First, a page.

It shall be a time unsurpassed in distress – so we heard today in our first reading from the Book of Daniel. These last few months in our country has once again been stained by senseless mass shootings of innocent people gathered in worship in a neighborhood synagogue in Pittsburg or enjoying country western dancing in Thousand Oaks, California. In a horrifying instant, lives were snuffed out by the madness of gun violence that has become a pandemic in our country. How difficult for any of us not to be utterly disgusted when we confront so brutally the face of evil in our world.
My sisters and brothers as we gather in the wake of these recent tragedies and as we draw close to the end of our Liturgical Year, we once again providentially hear God’s word calling us to be prepared for the end times. There will always be those who see the catastrophic finality of the world as we know it lurking around every corner. Yet, there is no whitewashing of God’s word in denial. Our lives and this world will indeed have a finality. For those who suffered death in these recent tragedies, the end came all too soon and unexpected. This biblical and doctrinal truth of our faith can indeed be the fuel that feeds endless anxiety and despair. Yet, for the faithful Christian, for those attuned to the breadth of God’s saving message in his revealed word, this truth should not be the occasion for despair but rather, as paradoxical as it may sound, a hopethat is rooted in the one whom we gratefully call Lord and Savior of the world.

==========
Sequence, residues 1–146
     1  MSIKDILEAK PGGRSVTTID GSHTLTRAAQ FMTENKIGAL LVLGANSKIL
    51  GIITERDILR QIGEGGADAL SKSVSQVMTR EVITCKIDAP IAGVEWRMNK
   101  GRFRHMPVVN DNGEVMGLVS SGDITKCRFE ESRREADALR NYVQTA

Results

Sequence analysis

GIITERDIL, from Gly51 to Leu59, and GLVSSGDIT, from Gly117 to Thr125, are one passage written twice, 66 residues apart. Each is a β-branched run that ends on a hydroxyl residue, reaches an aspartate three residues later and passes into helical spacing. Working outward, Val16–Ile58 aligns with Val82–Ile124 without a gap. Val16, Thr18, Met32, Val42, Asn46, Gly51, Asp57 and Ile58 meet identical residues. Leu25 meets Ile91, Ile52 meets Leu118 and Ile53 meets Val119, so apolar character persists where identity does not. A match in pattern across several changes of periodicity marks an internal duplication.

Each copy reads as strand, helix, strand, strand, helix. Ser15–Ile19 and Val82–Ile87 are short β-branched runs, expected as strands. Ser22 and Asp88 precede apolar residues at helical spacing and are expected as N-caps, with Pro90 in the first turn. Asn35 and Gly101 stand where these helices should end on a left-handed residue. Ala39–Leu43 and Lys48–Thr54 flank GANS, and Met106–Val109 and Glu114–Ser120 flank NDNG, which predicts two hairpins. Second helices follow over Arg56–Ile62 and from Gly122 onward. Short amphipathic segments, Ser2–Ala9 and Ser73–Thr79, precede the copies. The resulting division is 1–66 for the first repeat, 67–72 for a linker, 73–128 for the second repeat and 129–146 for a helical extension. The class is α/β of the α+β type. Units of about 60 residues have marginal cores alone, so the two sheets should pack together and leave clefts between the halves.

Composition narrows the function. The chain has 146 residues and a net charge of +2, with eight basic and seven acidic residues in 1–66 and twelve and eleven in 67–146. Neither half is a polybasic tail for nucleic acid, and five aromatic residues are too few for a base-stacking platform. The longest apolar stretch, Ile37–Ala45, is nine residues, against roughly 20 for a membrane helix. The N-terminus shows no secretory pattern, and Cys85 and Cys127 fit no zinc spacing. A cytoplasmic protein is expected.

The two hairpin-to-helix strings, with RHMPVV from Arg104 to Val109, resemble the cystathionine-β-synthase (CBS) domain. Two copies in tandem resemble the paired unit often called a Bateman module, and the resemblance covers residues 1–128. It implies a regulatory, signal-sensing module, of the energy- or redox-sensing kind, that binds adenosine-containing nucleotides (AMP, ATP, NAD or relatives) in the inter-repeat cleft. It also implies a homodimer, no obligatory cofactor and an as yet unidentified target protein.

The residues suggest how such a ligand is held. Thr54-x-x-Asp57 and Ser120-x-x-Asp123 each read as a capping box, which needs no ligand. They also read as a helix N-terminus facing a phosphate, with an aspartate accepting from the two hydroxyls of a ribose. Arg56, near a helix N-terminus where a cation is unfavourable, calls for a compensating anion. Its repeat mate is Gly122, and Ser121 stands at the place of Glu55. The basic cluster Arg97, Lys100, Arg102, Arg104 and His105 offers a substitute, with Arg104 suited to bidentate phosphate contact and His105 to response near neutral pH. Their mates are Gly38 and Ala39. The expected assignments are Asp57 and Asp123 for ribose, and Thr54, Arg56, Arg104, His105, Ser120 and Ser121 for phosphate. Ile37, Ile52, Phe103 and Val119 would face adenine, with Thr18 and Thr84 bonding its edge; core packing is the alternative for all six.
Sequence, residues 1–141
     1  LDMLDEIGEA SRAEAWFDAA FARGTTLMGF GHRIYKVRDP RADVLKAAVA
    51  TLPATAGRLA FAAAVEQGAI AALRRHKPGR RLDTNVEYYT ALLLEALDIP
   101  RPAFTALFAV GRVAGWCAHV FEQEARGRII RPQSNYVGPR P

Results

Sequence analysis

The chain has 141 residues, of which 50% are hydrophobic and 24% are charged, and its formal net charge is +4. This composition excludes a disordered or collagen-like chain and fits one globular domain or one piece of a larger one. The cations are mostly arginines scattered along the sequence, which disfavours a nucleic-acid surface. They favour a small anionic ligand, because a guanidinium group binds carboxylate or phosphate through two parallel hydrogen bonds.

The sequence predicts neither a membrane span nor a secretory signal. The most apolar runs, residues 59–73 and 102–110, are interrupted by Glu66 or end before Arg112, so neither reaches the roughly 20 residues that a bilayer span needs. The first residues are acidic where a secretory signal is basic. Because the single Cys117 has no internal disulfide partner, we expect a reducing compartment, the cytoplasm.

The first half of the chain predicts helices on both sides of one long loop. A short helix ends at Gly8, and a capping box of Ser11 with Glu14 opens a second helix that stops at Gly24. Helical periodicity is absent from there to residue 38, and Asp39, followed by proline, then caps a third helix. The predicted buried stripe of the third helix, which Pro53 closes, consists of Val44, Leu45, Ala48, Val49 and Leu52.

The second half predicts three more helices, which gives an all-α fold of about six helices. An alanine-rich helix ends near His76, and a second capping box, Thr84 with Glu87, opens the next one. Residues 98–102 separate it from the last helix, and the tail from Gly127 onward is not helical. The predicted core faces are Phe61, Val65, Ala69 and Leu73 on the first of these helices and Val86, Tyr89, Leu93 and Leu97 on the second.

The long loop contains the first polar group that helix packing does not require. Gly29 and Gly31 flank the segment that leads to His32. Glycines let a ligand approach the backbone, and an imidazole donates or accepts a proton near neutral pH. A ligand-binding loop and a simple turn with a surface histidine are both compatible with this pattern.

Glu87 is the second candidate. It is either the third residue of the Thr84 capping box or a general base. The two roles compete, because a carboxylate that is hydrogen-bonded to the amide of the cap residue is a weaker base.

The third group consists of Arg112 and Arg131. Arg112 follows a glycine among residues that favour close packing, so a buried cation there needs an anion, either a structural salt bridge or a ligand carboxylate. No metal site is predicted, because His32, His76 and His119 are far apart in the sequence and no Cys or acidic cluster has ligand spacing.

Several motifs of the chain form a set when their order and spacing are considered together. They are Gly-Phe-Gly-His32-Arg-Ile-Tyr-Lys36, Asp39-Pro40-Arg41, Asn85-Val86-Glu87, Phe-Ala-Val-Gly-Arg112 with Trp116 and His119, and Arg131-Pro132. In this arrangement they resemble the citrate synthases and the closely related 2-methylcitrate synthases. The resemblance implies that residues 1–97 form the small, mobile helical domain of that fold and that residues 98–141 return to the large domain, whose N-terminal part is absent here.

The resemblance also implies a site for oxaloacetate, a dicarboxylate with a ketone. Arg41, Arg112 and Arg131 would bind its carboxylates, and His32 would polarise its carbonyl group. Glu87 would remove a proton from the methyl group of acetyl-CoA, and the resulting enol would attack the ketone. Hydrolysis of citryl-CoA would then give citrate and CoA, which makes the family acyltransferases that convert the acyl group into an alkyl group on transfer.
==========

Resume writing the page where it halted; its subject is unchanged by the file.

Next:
"But of that day or hour, no one knows,
neither the angels in heaven, nor the Son, but only the Father."
St. Mark wisely sets before us the words of Jesus reminding us that our task as Christians living in a world that awaits future glory is to not waste time in idle speculation as to when the end will come. Each day that God gives us is a gift to be lived fully and faithfully in His loving service. Our real preparation for the life of glory – to which all of us are destined by God’s loving will – is to live the present moment with deep and abiding faith, unfailing hope and generous love.
Some of you might say, “Well, Father, that’s easy for you to say, but I am woefully conscious of the many moral compromises in my life, I see my failures, my sins, as King David said, are before me always.” It is when we find ourselves burdened by such darkness that we need to take heart by the words of the author to the Hebrews this day:
For by one offering
He – Jesus - has made perfect forever those who are being consecrated.
My friends, it is Jesus who is indeed Savior of the world. It is Jesus whose sacrificial life, death and resurrection has ‘consecrated’ each one of us for eternal glory with him. No wonder, then, that with St. Paul, all of us can proclaim, “Death is swallowed up in victory. Where, O death, is your victory? Where, O death, is your sting? But thanks be to God who gives us the victory through our Lord Jesus Christ.” (1 Cor. 55:55-57).